Uber Technologies’ (UBER) is bringing to Canada its trucking app that connects shipping companies with drivers, a move with potential to disrupt a key segment of the transportation industry.
The ride-sharing company announced Wednesday that it will expand its Uber Freight service to Canada as it continues an aggressive expansion plan already launched in the U.S. and Europe. The service will first be available in Ontario and Quebec.
The Uber Freight app works much like its popular ride-sharing technology, connecting shippers looking to send goods with qualified carriers looking for work. First launched in 2017, Uber Freight says the app allows shippers – particularly small to medium-sized companies – to book drivers quickly, and 24/7. Connecting shippers and drivers has traditionally been a role fulfilled by freight brokerages, but Uber Freight claims that process is inefficient.
Uber Freight’s head of operations Bill Driegert says the company’s trucking app provides a solution that is better for shippers and drivers, allowing them to connect instantaneously while improving transparency on pricing and tracking shipments.
“Shippers all of a sudden have this access to capacity and they can book freight that before they didn’t have visibility for. Before they were making decisions in the dark. We’re bringing the light,” Driegert said in an interview with Yahoo Finance Canada.
“When they flip a switch, they get logistics on demand. They’ll know they can get capacity when they need it and they’ll know the prices will be fair and transparent.”
Uber Freight has been a bright spot amid profitability concerns at the ride-sharing company. In the most recent quarter ending June 30, the company reported a net loss of US$5.5 billion dollars. But Uber’s “Other Bets” category – which includes the trucking division – saw revenue grow 175 per cent year-over-year from US$71 million to US$195 million in the second quarter.
Lior Ron, the head of Uber Freight, told Yahoo Finance in August that it expects to sustain triple digit revenue growth as it continues on its aggressive expansion plan.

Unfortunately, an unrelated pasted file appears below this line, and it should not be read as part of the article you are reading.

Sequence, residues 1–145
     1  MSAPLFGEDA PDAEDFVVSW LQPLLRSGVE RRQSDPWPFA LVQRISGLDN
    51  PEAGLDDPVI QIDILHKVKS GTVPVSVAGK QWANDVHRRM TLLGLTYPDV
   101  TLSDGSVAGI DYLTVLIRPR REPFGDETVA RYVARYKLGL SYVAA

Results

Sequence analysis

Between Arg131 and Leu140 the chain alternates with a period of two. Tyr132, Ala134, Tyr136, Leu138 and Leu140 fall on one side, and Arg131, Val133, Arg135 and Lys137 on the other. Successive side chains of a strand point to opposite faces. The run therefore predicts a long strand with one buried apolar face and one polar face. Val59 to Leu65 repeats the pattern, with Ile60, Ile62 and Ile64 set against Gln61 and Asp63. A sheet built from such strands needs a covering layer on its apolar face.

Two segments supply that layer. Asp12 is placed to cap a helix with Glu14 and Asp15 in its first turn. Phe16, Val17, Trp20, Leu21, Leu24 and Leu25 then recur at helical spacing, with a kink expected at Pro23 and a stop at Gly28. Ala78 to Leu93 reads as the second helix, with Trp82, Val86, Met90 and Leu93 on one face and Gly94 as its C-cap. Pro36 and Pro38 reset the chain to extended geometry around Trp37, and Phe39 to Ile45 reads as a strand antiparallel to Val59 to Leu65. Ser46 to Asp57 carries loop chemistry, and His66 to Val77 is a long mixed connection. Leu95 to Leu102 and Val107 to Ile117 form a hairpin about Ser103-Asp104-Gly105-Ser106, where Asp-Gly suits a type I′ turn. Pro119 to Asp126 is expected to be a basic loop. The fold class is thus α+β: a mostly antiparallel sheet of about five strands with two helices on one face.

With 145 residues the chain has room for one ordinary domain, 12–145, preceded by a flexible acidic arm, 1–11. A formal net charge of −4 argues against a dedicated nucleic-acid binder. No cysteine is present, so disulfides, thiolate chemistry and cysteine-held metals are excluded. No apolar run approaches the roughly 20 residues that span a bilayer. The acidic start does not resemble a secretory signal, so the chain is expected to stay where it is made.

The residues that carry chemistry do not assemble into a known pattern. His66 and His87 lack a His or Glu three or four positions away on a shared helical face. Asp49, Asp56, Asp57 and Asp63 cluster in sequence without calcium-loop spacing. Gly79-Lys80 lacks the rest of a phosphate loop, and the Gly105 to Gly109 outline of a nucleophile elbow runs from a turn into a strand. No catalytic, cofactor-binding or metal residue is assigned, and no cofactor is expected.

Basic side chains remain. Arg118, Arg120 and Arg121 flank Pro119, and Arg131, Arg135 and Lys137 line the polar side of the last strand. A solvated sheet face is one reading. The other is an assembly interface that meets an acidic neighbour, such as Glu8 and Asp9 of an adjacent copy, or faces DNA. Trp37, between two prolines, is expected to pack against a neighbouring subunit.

Uber is not the only player looking to disrupt the shipping industry, that saw revenue in the United States top US$700 billion in 2017. Convoy, a Seattle-based company, operates a similar app that has garnered interest from the likes of Jeff Bezos, Bill Gates and Marc Benioff, according to Bloomberg News.
Silpa Paul, an analyst with Frost and Sullivan, expects that digital freight brokerage will take off over the next five years.
"Lack of instant load and rate visibility, frequently delayed payments and operating cash crunches are creating a huge market for digital brokerage solutions, as in the very least they enable faster brokerage, instant electronic upload of proof of delivery as well as electronic payment terms,” Silpa said in a statement.
“By 2025, online channels are likely to become the key differentiating sales tool for OEMs and dealers. Almost 70 percent of sales leads will come through digital channels rather than traditional channels.”
Uber said Martin Brower, a carrier that partners with restaurant chains, will be among the first partners signed on to the service in Canada.
“Martin Brower is always looking for new technologies that help us raise the bar of service for our restaurant partners,” Kristofer Lorelli, the company’s director of freight, said in a statement.
“We’re excited to work with Uber Freight to tap reliable capacity and ensure seamless, fast service across North America.”